Thursday, October 24, 2013

Lessons learned from high peaking this year

It's looking more and more like our mountain climbing season may be over for the year. I have little interest in climbing peaks during the winter months (cold and snow, um, no thanks). My goal was to climb 5 High Peaks this summer, and I actually summited 8, so I am thrilled. Of course, that doesn't mean I wouldn't want to climb more (More! More!) if the opportunity were to present itself. But with 3-4 hours drive each way, jobs, dogs, and a toddler, it isn't exactly easy for my sister and me to make the up-and-back trip to the mountains.

I put together these thoughts on what I learned (or re-learned) from hiking Adirondack High Peaks this year.

1. Wear a comfortable bra. For me, this means a regular day-to-day type of bra. NOT a sports bra. They are too tight and restrictive, way too uncomfortable for 10-12 hours of hiking (plus 3-4 hours of driving up).

2. Change into clean, dry socks on the summit. I've always carried spare socks, but I almost never actually put them on. For prima donna feet like mine, this turns out to help a lot.

3. Carry (and apply) bug dope. And I mean whenever there is a chance of biting insects. Don’t rely on trip reports from the forum. Everyone has a different tolerance level for biting insects. And while I have an exceptionally high pain tolerance level, my tolerance for biting insects is LOW. Very, very LOW.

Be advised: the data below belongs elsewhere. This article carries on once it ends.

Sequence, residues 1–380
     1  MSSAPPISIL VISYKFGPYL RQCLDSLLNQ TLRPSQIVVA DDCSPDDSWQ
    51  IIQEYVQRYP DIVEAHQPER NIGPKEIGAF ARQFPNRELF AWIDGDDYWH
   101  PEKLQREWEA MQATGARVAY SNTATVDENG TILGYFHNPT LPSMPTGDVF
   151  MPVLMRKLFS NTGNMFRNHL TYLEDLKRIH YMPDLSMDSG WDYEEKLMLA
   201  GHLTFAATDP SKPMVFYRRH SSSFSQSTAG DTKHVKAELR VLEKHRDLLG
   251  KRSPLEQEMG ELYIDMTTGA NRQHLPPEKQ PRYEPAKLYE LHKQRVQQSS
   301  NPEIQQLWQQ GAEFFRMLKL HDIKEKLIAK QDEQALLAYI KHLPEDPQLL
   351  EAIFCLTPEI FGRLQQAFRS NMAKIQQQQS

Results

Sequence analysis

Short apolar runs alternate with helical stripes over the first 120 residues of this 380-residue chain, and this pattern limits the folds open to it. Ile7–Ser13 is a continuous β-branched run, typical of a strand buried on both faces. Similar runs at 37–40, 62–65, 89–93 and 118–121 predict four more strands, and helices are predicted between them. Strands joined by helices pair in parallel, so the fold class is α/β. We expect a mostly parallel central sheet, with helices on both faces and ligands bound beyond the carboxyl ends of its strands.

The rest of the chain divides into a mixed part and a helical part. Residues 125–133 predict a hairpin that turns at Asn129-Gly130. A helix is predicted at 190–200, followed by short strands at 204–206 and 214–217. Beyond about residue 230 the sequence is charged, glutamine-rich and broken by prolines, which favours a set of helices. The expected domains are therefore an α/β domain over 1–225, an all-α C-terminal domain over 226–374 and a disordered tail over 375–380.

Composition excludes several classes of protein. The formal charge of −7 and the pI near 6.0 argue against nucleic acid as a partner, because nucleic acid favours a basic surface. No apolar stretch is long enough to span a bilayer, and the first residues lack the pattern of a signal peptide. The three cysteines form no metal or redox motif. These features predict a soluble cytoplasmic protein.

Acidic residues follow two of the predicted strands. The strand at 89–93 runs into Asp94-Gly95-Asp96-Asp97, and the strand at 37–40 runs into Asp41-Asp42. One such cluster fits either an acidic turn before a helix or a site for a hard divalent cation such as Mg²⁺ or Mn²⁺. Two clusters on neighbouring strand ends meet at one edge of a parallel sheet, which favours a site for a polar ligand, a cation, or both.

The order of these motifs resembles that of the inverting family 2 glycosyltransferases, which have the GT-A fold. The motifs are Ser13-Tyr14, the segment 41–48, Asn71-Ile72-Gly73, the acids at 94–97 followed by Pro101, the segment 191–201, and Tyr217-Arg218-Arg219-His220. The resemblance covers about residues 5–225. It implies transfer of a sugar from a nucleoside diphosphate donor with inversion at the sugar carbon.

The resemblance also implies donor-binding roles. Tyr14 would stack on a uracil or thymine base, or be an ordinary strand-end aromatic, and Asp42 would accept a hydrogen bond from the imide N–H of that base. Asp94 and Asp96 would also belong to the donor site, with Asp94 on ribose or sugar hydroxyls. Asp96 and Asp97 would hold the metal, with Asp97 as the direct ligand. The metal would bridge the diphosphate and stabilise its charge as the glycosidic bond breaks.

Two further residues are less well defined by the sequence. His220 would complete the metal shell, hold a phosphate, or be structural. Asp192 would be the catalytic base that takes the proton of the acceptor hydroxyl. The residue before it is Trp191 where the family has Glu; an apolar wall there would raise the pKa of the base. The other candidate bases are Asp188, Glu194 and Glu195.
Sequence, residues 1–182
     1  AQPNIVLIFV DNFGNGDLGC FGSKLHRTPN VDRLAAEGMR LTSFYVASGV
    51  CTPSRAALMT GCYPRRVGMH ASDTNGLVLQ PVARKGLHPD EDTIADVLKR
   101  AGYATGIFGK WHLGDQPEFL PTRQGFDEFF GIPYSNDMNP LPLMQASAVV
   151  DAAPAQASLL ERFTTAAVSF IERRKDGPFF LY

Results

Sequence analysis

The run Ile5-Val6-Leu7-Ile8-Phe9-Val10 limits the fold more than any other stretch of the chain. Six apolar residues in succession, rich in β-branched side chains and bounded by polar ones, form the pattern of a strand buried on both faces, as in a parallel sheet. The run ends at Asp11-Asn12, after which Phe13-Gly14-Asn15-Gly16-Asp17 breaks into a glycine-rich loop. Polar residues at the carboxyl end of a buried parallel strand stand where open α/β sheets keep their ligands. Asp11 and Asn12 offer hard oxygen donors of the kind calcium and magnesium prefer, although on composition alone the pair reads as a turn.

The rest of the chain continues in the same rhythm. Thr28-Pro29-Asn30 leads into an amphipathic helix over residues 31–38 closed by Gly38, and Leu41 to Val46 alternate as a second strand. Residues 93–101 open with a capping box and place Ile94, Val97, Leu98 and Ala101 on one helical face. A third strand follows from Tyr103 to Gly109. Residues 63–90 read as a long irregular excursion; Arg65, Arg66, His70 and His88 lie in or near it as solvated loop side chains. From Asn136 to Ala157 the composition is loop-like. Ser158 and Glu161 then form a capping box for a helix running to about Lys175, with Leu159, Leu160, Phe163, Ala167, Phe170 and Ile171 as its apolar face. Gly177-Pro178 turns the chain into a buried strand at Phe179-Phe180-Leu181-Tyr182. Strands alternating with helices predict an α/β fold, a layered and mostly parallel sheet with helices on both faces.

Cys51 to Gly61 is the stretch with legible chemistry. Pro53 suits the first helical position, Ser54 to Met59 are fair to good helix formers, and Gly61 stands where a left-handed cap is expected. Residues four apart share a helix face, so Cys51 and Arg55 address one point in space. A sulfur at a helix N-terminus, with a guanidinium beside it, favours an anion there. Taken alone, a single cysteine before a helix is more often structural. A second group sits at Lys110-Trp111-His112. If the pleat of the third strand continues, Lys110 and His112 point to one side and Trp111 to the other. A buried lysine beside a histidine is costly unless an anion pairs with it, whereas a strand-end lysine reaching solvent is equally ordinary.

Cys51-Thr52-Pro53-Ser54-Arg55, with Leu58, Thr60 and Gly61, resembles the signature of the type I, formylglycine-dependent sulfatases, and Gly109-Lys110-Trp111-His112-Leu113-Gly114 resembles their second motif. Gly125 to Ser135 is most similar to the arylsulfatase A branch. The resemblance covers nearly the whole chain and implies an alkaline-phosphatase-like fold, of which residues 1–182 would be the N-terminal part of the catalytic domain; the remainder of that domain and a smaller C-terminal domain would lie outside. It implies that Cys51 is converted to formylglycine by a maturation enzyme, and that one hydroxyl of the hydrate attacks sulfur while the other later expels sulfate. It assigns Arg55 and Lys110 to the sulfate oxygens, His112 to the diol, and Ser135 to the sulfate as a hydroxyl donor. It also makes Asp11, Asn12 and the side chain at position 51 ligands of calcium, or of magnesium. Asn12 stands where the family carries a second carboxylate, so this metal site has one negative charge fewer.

4. Lacing techniques do matter. For best results, I need to knock my heel down into place before lacing my boots, then twist the laces twice to lock the laces on the lower portion of the boot (surgeon’s knot). On the upper portion instead of pulling the laces through the open hooks from below, I hook them over the top.

5. Take 5 minutes to apply moleskin or a band-aid or to tighten laces during the hike. The hassle will be worth it at the end of the day.

6. Snack, snack, snack. Don’t keep pushing until the summit for lunch. Grazing along the way will keep energy levels up.

7. Don’t forget a bandana. Or two. In fact, always carry a spare.

8. If the weather calls for pants, make sure they are stretchy. If the pant legs put up resistance with each step, unnecessary energy will be expended. Plus, I just can't stand to be uncomfortable in any situation, but on a hike it is extra important to not be bothered by something like pants (or bra, see above).


Mary Stebbins Taitt said...

Mountain climbing used to be one of my mostest favoriteist things to do, and I'd love to get my health and weight in a position where I could do it again.

I also enjoyed winter hiking. Up mountains. That I may never do again.

Mary Stebbins Taitt said...

Excellent lessons! :-D